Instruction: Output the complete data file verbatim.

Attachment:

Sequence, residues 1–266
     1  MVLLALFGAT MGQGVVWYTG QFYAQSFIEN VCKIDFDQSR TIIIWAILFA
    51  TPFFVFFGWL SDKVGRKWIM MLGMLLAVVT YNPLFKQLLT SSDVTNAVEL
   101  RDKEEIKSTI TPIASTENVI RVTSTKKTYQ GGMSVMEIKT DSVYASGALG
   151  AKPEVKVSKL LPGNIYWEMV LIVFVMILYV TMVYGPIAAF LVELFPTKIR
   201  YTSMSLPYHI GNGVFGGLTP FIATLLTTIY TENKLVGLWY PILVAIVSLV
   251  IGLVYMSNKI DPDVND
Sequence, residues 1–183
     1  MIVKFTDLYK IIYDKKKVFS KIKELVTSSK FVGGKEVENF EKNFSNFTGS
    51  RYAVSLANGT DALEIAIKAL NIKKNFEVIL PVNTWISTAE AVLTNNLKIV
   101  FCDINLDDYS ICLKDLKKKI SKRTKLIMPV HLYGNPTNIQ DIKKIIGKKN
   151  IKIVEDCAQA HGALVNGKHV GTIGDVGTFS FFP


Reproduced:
Sequence, residues 1–266
     1  MVLLALFGAT MGQGVVWYTG QFYAQSFIEN VCKIDFDQSR TIIIWAILFA
    51  TPFFVFFGWL SDKVGRKWIM MLGMLLAVVT YNPLFKQLLT SSDVTNAVEL
   101  RDKEEIKSTI TPIASTENVI RVTSTKKTYQ GGMSVMEIKT DSVYASGALG
   151  AKPEVKVSKL LPGNIYWEMV LIVFVMILYV TMVYGPIAAF LVELFPTKIR
   201  YTSMSLPYHI GNGVFGGLTP FIATLLTTIY TENKLVGLWY PILVAIVSLV
   251  IGLVYMSNKI DPDVND
Sequence, residues 1–183
     1  MIVKFTDLYK IIYDKKKVFS KIKELVTSSK FVGGKEVENF EKNFSNFTGS
    51  RYAVSLANGT DALEIAIKAL NIKKNFEVIL PVNTWISTAE AVLTNNLKIV
   101  FCDINLDDYS ICLKDLKKKI SKRTKLIMPV HLYGNPTNIQ DIKKIIGKKN
   151  IKIVEDCAQA HGALVNGKHV GTIGDVGTFS FFP